Friday, November 12, 2010

Jersey City aims to stymie proposed Spectra pipeline with ordinance

JERSEY CITY, N.J. - Jersey City's City Council is set to introduce ten ordinances amending the city code to specifically prohibit natural gas pipelines in certain redevelopment zones.
"Natural gas pipelines are an unwanted use in the area," each modification reads.
The ordinances are a response to the proposal by Houston-based Spectra Energy to expand a high-volume wholesale natural gas pipeline from Staten Island 16 miles through Bayonne and Jersey City.
The proposed pipeline would roughly follow the path of the Turnpike Extension through Jersey City before turning east near 18th Street to run under the Hudson River to a Con Edison plant on Manhattan's West Side.
The ordinances would amend current laws to prohibit natural gas pipelines in 10 redevelopment zones along the proposed route.
The ordinances also include small changes to procedures for reviewing building plans in the zones.
The council has already passed a resolution stating its official opposition to the Spectra proposal, and the city administration is strongly opposed to the plan.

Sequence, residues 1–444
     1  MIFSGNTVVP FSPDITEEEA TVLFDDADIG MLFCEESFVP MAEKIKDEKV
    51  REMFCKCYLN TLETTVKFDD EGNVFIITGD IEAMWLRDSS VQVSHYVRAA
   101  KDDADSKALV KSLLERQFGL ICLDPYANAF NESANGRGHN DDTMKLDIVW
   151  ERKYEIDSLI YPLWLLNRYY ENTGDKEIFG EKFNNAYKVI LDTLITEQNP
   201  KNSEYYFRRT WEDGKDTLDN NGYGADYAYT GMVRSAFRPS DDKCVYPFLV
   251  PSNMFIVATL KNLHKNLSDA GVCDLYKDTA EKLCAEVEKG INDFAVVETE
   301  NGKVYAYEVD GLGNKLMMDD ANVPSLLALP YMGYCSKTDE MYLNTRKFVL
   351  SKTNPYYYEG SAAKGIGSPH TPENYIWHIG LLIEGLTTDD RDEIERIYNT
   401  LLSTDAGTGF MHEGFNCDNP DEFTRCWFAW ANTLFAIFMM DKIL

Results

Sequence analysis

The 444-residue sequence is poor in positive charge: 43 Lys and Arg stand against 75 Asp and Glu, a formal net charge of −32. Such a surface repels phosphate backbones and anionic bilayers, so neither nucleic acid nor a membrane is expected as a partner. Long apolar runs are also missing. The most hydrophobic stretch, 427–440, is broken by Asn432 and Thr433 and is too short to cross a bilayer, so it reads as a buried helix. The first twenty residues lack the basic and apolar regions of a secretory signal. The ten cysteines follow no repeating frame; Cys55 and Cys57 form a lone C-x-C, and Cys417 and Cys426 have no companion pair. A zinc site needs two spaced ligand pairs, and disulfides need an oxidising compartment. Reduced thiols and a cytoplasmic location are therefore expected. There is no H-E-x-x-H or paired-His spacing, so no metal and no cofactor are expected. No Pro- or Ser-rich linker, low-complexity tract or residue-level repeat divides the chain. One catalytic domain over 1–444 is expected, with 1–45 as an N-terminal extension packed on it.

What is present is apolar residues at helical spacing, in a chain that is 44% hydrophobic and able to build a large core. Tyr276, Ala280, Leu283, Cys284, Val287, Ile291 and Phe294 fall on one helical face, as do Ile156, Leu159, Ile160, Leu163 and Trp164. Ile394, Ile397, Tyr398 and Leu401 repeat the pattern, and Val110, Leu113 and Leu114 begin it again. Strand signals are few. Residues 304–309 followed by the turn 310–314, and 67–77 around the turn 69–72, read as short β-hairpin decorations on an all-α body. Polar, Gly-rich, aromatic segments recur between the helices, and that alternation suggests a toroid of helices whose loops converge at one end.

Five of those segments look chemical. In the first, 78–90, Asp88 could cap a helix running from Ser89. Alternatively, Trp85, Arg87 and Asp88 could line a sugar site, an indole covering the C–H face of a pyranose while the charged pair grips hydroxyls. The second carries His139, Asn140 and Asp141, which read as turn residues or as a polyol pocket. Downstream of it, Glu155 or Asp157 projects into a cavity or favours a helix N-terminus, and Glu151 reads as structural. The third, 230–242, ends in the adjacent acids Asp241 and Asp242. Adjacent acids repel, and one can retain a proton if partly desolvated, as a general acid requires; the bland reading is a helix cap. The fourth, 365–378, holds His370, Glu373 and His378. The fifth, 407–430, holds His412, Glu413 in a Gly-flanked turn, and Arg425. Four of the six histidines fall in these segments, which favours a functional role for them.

Under federal law, the Federal Energy Regulatory Commission (FERC) is granted sole authority to approve or deny permits for interstate natural gas transportation infrastructure. If FERC grants Spectra a permit to build the pipeline, under the Natural Gas Act of 1978 the commission is entitled to invoke eminent domain against property owners unwilling to yield property to the pipeline's right-of-way, likely trumping actions like hose being taken by the City Council.
But city officials say that by formally stating that the pipeline is contrary to the city's redevelopment agenda, the ordinances would create a record of opposition to the pipeline by the council and planning officials that could benefit future litigation.

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